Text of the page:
While the sheer novelty of a feature about lacrosse may be enough to generate some aud curiosity about "A Warrior's Heart," this respectably crafted but thoroughly predictable indie rarely deviates from the gameplan followed by countless other dramas about self-absorbed young hotheads who get a shot at redemption on the playing field.
While the sheer novelty of a feature about lacrosse may be enough to generate some aud curiosity about “A Warrior’s Heart,” this respectably crafted but thoroughly predictable indie rarely deviates from the gameplan followed by countless other dramas about self-absorbed young hotheads who get a shot at redemption on the playing field. Still, fans of the “Twilight” franchise may be drawn by the marquee value of attractive leads Kellan Lutz and Ashley Greene in non-vampiric roles. Limited theatrical run kicked off Dec. 2, but the pic is more likely to score as VOD and homevid fare.
High school lacrosse player Conor Sullivan (Lutz) comes across as an egocentric showboater even before his family moves from San Juan Capistrano, Calif., to Arlington, Va. But after his Marine-officer father (Chris Potter) is killed in Iraq, Conor quickly devolves into something far worse: a sullen rageaholic whose unnecessary roughness on and off the field gets him kicked off the team at his new school and lands him, briefly, in jail.
Enter Sgt. Major Duke Wayne (Adam Beach), a former comrade-in-arms of Conor’s late father. A full-blooded Iroquois, Wayne knows a lot about lacrosse — which, as the pic repeatedly stresses, is a team sport of Native American origin — and a lot more about harsh discipline. He bails the troubled teen out of jail and whisks him off to a Six Nations work camp where at-risk youths undergo tough-love rehabilitation. There, Conor is made to work off his anger by singlehandedly demolishing a cabin with a sledgehammer, and when he tries to go ballistic on Wayne, the Marine easily chokes him into unconsciousness.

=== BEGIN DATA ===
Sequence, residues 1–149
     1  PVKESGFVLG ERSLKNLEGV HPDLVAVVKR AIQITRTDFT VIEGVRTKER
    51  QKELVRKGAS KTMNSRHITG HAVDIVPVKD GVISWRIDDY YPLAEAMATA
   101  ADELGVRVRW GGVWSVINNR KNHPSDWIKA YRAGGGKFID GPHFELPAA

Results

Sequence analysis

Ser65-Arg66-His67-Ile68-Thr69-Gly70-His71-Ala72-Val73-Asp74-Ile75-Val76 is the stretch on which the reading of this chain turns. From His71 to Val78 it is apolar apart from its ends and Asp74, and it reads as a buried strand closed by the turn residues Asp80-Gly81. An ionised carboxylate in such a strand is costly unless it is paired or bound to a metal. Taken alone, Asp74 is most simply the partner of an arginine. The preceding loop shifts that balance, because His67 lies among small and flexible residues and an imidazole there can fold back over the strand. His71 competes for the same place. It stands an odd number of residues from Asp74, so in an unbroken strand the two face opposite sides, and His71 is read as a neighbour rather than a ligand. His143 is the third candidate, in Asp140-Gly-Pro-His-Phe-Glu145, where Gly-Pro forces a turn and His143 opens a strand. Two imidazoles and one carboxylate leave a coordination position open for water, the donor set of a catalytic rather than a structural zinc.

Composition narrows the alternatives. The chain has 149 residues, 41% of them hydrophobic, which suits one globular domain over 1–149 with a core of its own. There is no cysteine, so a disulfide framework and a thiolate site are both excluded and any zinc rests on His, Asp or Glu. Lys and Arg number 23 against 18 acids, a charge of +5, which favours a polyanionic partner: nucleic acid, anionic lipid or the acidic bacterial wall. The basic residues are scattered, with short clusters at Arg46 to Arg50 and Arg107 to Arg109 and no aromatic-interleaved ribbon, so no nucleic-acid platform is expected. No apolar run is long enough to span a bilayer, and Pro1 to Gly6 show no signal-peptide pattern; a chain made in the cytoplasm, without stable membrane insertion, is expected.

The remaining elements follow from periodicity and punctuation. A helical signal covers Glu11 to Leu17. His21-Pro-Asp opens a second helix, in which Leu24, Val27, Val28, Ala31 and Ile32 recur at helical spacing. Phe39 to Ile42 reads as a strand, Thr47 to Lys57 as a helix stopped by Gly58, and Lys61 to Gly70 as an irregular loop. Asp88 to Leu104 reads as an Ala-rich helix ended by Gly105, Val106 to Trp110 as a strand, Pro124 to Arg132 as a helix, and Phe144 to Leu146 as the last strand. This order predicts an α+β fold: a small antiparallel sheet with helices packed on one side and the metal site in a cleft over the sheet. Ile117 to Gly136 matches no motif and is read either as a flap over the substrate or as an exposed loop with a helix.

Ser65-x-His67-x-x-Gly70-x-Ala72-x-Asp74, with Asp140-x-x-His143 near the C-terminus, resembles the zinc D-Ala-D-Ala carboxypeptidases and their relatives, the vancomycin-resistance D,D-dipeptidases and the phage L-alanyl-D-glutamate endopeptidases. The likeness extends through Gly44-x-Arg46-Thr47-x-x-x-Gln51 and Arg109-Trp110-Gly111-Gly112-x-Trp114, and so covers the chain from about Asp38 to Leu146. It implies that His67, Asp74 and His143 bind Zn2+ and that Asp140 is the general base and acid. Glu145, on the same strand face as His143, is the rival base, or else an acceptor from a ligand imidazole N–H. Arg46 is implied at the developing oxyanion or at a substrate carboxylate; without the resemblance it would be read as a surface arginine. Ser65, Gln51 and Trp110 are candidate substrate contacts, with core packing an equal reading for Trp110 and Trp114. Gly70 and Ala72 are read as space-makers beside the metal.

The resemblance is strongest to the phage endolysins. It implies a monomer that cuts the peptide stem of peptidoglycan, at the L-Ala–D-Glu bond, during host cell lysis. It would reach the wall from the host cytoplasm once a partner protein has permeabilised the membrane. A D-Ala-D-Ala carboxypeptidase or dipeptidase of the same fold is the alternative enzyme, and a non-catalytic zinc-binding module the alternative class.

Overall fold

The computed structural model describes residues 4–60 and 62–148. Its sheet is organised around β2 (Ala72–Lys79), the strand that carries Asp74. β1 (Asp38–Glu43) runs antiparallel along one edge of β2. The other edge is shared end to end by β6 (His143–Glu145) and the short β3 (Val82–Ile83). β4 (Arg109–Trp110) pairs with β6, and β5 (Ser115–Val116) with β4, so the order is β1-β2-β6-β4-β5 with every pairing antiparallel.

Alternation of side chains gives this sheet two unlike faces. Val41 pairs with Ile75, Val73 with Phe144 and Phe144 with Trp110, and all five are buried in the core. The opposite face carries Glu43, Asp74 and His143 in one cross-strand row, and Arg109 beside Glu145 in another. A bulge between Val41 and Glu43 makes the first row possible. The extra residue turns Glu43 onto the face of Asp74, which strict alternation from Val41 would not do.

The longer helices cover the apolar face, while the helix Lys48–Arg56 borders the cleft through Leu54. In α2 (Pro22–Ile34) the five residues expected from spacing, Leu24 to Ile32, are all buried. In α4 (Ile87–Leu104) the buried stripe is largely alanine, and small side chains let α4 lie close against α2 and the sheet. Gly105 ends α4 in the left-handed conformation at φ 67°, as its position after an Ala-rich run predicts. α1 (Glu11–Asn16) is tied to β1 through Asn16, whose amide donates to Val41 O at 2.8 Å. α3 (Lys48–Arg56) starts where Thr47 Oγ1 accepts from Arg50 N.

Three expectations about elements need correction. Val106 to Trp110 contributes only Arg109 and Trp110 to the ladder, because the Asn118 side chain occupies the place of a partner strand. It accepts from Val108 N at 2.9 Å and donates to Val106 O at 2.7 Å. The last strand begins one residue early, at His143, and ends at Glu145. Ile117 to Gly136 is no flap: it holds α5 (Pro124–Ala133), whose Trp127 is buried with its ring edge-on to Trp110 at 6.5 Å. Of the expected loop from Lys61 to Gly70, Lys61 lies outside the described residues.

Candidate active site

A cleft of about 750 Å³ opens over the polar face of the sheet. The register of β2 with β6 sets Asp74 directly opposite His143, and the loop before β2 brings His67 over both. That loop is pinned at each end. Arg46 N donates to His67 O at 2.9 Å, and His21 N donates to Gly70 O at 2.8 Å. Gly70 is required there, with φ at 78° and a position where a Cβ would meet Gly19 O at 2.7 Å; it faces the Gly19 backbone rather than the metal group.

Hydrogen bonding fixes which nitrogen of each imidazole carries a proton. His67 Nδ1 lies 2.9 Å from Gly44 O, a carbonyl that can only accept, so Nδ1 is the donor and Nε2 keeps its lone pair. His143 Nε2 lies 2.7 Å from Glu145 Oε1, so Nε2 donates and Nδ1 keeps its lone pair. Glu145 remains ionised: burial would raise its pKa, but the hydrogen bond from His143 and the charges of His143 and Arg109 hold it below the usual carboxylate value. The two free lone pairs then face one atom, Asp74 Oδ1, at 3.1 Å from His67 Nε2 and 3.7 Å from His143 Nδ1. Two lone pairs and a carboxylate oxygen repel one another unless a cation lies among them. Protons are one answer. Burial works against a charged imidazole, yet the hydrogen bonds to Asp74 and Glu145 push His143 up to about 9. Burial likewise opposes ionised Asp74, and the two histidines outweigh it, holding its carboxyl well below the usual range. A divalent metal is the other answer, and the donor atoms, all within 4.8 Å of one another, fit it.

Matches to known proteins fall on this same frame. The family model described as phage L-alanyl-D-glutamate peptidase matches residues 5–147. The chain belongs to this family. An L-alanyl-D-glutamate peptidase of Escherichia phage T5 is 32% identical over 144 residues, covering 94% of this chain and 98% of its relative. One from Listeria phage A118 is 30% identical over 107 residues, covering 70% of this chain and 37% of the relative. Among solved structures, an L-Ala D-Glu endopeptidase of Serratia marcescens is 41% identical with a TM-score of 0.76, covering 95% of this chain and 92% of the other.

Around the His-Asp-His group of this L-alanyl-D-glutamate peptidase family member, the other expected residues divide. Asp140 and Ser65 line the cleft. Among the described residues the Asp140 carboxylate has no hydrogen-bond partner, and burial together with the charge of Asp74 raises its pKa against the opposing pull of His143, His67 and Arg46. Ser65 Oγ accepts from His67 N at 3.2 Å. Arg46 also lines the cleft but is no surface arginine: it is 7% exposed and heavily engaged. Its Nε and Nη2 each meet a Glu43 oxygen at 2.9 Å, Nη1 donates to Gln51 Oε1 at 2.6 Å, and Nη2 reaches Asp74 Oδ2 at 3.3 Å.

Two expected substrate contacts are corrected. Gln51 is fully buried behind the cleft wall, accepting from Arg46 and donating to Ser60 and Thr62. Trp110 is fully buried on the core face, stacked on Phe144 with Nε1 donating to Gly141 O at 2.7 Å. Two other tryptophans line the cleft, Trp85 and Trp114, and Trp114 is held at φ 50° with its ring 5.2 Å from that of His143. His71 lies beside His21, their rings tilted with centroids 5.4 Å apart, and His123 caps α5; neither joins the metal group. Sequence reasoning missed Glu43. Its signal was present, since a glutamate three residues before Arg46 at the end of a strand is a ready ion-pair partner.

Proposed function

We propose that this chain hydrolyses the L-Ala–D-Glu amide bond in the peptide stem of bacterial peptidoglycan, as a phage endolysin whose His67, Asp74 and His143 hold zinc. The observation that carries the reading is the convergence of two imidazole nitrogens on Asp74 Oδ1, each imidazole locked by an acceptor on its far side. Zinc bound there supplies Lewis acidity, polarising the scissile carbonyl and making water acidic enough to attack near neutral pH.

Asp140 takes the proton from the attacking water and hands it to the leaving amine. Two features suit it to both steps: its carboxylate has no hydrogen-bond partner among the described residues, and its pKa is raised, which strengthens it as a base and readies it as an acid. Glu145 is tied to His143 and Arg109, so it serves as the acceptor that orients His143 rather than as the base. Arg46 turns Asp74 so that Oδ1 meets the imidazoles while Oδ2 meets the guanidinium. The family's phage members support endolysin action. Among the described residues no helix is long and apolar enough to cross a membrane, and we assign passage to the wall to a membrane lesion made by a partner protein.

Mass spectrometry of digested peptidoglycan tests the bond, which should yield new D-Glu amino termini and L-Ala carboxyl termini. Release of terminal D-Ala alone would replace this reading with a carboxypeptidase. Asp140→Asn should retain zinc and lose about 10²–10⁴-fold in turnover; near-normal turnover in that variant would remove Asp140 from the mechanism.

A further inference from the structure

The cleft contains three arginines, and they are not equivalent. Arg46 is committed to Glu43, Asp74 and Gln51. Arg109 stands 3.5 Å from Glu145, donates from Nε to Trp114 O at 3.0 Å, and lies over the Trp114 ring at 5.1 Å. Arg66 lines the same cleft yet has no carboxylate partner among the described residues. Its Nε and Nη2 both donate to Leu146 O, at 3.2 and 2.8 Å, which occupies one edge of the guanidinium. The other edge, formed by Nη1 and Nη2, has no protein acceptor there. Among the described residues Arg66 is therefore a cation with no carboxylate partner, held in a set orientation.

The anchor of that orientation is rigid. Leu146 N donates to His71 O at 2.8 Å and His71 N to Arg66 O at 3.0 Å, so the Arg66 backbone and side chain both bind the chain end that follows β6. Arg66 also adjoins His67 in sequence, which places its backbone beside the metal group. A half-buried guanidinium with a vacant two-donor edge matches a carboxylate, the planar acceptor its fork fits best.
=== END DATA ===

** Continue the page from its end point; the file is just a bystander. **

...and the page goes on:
All of which serves to make Conor a more focused team player, just in time for his Arlington high-school coach (William Mapother) to use him, reluctantly, in a national championship game. Better still, Conor also gets a chance at romance with Brooklyn (Greene), a beautiful student who just happens to be the coach’s daughter.
Working from a script by Martin Dugard, who appears to have watched and closely studied every pic about high-school sports ever made, helmer Mike Sears keeps “Warrior’s Heart” moving at a reasonably brisk pace. He relies much too heavily on montages set to unremarkable pop tunes and occasionally trips over the many cliches that litter the overly familiar scenario. But his well-cast players (including Gabrielle Anwar, who makes the most of her small role as Conor’s mom) help the pic sustain interest.
Special credit should go to Beach’s effortlessly macho underplaying as the beer-swilling, aphorism-spouting taskmaster who helps Conor be all that he can be. Oddly enough, no one ever remarks on the irony of a Native American being named Duke Wayne, but then again, maybe the viewer is supposed to think other folks would take one look at this badass and know better than to make snarky comments, or even polite queries.
Production values are adequate.